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Can Tristan Walker Fix Razor Bumps And Silicon Valley’s Diversity Problems At The Same Time?

Can Tristan Walker Fix Razor Bumps And Silicon Valley’s Diversity Problems At The Same Time?: Courtesy of Walker & Company

Courtesy of Walker & Company

The Silicon Valley startup scene has diverse technologies, diverse platforms, diverse office spaces, diverse management styles. What it does not have is diverse people. There is no shortage of news about the awful job the tech sector is doing at hiring people of different genders and races. Many of the top companies, such as Google, Facebook, and Apple, released reports about their workforces in an effort to promote transparency but there is a big difference betweening owning up to not being diverse and doing something about it.

Amidst the sea of white faces, Tristan Walker stands out. The highest-profile startup CEO in Silicon Valley, he is the founder of Walker & Company, whose goal is to make products that make health and beauty simple for people of color. Its first brand, a shaving system called Bevel, launched in early 2014 and reduces shaving irritation by 50% over four weeks.

On paper, Walker’s background is not dissimilar from many of his peers in the Valley. He attended Hotchkiss, a New England prep school, and Stony Brook University, and worked at Twitter, Foursquare, and the venture capital firm Andreesen Horowitz, where he was an entrepreneur-in-residence, before starting his eponymous company. But the problems he is trying to solve are unique.

People of color tend to have coarse and curly hair. When they shave with multi-blade razors that cut hair below the skin, they are more prone to razor bumps and ingrown hairs. Bevel features a single-blade razor that cuts hair level with the skin and includes a proprietary priming oil, shave cream, and restoring balm that reduces or eliminates skin irritation. It also comes in packaging that is akin to an iPhone, a stark contrast to the bottom-of-the-shelf products most drug stores carry for people of color depicting, as Walker’s says only half-jokingly, “a guy with a JherI curl, petting a tiger, and drinking a cognac.”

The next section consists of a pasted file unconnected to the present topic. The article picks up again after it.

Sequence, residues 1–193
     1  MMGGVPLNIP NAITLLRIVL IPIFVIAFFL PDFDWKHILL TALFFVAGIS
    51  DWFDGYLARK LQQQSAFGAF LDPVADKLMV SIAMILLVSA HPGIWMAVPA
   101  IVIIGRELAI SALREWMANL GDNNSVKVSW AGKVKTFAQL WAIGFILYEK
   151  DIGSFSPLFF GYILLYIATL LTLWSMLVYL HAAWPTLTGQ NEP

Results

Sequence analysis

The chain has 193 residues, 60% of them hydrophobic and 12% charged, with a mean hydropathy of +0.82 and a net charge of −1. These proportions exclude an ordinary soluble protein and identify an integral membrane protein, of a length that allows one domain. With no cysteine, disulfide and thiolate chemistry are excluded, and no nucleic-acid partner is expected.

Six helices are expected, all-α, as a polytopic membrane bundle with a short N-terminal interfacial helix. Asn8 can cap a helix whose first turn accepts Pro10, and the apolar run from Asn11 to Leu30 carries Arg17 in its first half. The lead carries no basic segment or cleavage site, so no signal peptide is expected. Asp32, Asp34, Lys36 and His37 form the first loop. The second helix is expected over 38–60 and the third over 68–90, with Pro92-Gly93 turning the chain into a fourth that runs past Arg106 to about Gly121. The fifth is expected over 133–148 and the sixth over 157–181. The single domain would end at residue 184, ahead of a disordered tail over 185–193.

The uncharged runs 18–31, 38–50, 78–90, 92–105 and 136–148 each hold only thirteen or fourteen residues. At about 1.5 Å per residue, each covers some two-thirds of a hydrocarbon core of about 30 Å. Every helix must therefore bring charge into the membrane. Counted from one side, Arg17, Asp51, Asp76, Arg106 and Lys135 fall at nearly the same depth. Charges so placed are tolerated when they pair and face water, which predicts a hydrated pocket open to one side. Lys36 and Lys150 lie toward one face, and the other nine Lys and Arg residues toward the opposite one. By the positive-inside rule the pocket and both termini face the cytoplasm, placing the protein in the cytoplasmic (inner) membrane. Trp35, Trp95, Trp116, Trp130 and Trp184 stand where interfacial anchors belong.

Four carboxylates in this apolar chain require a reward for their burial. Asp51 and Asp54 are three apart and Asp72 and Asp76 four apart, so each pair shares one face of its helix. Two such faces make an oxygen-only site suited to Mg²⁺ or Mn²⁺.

The potential of the opportunity is enormous. Walker & Co. is often called the Proctor & Gamble for people of color. Even though Walker himself has never said those words, he welcomes the comparison. People of color make up the majority of the world’s population so if his company is the one that is providing them their health and grooming products, Walker will take it.

We spoke with him to find out about the genesis of the brand, where it’s headed, and his own personal battles with shaving.


What do you think most people don’t understand about the shaving options that are currently available for people of color?
I was about to answer that question in a different way until you added the “people of color” part. The first thing I was going to say is that the way that they’re using it is wrong. Bevel is really the first and only shaving system designed specifically for men and women with coarse, curly hair who are prone to shaving irritation, razor bumps, etc. Too many folks use multi-blade razors that perform worse than a single. If you’re prone to the ingrown hair and razor bumps, you gotta go single blade. It cuts level with the skin. It’s easy. Then, the approach that we take which is different from everyone else, is a system-based approach. The razor is the great hero but that combined with the right priming oil, shave cream, restoring balm, and brush is when you’re doing it right.

How prevalent is the issue of coarse, curly hair?
The razor bump issue is a problem that 80% of black men and women have but 30% of everyone else. If you have coarse, curly hair, you can be a black man or woman, you can be Asian, any kind of race with curly hair, you’re going to have these issues. Thirty percent of all other folks deal with razor bump issues too. It’s a pretty significant issue that has gone unsolved until we’ve done it.

Courtesy of Walker & Company

Courtesy of Walker & Company

What prompted you to start Bevel?
For 14 years I was unable to shave. Every single way that I encountered facial hair removal sucked. The first way I learned was in prep school and there was no barber shop nearby so I had to learn to cut the hair on my face. I didn’t have a father to teach me, so I went to the local retail shop, picked up the multi-blade razor, got a shave gel. I woke up the following morning and was completely broken out. I had no idea it was a function of my having curly hair. So I wrote off razors forever. The second way I learned was observing my brother. He would put this depilatory cream on his face. It’s like the male equivalent of Nair. You put it on your face, let it sit for 6-8 minutes and then you wipe it off. No razors needed. I did that for 14 years, but it smells like crap. It has all these hazardous, harsh chemicals. It burns your face. So I really started Bevel out of that frustration. This is a problem that has existed for awhile. It set me on this path to help a new generation of folks learn to shave the right way and eliminate a lot of scepticism.